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According to the Sumerian King List Eridu was the first city in the World. The opening line reads:
“[nam]-lugal an-ta èd-dè-a-ba
“When kingship from heaven was lowered,
the kingship was in Eridu.”
Eridu (Coordinates: 30 ° 48’57.02 “N 45 ° 59’45.85” E) was an ancient city in southern Mesopotamia, 24 kilometers south of Ur in the current archaeological site of Tell Abu Shahrein. Eridu, also transliterated as Eridug, could mean “mighty place” or “guidance place” according to scholars who say this archaeological site is of great importance.
At its foundation, it was most likely within walking distance of the Persian Gulf; however, currently, due to the accumulation of silt at the shoreline over the millennia remains of Eridu are now some distance from the gulf at Abu Shahrain in Iraq.
Some scholars argue that in ancient Sumerian times Eridu was linked to the estuary by means of channels and according to the Babylonian epics, it was the first city created in the world.
As noted by Sumerian mythology, the ancient city of Eridu was ONE of the FIVE ancient cities built on Earth before the great deluge.
Eridu was the most southern city of the conglomerate of Mesopotamia and important center of the cult to the God of the water, Enki.
In July 2016, UNESCO chose the archaeological site of tell Eridu as a Mixed Heritage of Humanity, as “part of the archaeological remains of Sumerian settlements in Lower Mesopotamia, which flourished between the third and fourth millennia BC in the delta formed by the Euphrates and Tigris rivers.”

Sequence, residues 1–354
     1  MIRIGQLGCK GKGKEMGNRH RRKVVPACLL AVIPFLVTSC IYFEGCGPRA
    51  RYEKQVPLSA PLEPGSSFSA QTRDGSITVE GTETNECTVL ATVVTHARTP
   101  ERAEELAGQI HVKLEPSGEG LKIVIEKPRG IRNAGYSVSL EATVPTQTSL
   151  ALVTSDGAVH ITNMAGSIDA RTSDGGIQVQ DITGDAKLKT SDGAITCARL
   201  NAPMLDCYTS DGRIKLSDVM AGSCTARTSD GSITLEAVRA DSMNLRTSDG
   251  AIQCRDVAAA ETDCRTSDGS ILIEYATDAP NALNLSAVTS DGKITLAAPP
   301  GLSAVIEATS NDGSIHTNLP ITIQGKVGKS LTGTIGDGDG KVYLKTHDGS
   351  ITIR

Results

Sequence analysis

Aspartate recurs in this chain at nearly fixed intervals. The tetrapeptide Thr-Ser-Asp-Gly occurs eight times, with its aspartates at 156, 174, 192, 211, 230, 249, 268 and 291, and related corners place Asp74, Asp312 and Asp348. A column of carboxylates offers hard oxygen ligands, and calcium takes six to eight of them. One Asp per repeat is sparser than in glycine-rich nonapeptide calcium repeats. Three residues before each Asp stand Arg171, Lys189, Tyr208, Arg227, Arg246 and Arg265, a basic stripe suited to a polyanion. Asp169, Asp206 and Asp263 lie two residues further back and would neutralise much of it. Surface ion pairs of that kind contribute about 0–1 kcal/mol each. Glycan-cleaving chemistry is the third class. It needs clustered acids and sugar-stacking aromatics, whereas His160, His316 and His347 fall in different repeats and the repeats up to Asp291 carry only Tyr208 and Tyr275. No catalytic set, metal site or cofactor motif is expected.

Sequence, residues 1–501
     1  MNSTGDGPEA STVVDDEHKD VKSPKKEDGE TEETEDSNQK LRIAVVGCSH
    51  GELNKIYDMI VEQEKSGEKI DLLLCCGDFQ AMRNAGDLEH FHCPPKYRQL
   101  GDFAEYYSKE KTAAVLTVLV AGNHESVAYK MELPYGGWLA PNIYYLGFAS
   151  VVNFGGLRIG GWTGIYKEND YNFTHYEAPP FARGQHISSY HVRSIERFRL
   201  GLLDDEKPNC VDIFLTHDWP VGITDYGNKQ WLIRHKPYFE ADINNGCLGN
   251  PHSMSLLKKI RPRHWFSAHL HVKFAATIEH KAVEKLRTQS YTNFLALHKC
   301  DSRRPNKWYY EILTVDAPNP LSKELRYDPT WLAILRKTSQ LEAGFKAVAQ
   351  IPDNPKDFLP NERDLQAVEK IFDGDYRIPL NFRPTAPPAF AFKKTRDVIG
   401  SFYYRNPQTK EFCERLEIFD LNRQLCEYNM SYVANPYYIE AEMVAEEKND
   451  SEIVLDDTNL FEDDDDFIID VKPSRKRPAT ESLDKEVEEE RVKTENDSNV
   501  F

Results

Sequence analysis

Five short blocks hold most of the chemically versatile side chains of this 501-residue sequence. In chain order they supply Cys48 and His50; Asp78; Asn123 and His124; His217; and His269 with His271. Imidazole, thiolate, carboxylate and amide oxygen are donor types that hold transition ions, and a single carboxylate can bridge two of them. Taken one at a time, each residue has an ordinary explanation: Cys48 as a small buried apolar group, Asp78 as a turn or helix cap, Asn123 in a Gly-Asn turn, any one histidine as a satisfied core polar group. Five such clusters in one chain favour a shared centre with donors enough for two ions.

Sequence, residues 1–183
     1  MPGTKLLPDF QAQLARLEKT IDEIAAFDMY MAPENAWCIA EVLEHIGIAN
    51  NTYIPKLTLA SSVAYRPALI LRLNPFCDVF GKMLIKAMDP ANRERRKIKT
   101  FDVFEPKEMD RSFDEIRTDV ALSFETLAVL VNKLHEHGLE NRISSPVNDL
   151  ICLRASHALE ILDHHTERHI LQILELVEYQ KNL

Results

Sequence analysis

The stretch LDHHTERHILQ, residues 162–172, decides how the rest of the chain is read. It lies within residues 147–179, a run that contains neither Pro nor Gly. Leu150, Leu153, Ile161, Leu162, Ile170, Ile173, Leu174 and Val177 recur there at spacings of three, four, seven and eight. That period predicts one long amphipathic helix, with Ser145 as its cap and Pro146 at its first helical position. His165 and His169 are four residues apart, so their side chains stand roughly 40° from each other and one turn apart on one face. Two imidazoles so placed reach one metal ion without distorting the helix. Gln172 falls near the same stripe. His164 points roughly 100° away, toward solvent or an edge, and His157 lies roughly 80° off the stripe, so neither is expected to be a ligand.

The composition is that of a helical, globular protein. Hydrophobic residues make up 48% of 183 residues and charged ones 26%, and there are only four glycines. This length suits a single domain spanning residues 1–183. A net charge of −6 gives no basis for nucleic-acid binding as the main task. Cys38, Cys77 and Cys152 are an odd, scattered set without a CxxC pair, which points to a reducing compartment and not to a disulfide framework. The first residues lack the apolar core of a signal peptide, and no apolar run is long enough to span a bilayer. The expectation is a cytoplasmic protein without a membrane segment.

As noted by ancient Sumerian tradition, as well as the Sumerian King list, Eridu was the oldest of the cities of Mesopotamia, in whose location the god Marduk had created the world.
Archaeologists have proven, through research in the twentieth century, that the lower levels of the city (level XIX) date back to at least 4900 B.C., at the beginning of the El Obeid period. Mainstream scholars suggest the city was founded in the 54th century BC.
In this first stage, the ceramic remains show a significant role of Eridu in the region.
Towards 3800 BC (level VI) the city had an important temple and a cemetery from which a thousand graves have been discovered.
Towards the year 2500 BC., during the archaic dynastic, a ruler, perhaps of the first dynasty of Ur, built a great palace in Eridu, and at the end of the III millennium BC, during the reign of Amar-Sin, a large ziggurat was built in the city, which remained an important religious center in the empire of the third dynasty of Ur.
According to the Sumerian King list, the first ‘mythological’ kings, successors of the reign of heaven, are those of Eridu.
The king list continues:
In Eridu, Alulim became king; he ruled for 28800 years. Alalngar ruled for 36000 years. 2 kings; they ruled for 64800 years. Then Eridu fell and the kingship was taken to Bad-tibira.
The Sumerian King list describes in unprecedented detail a time when the world was governed by beings referred to as ‘Gods’ for thousands of years. This is one of the main reasons why mainstream scholars suggest that the Sumerian King list is a mixture of prehistorical and mythological accounts and that those rulers who lived through implausibly lengthy reigns were not real, and were part of ancient folklore.
Mainstream scholars see the age a ruler allegedly governed over the people as a reflection of his or her importance. The more years a king ruled, the more important he was. However, this is highly debated among many authors.
This ancient city was one of the most important settlements in ancient times, and the urban nucleus of Eridu was Enki’s temple, called House of the Aquifer.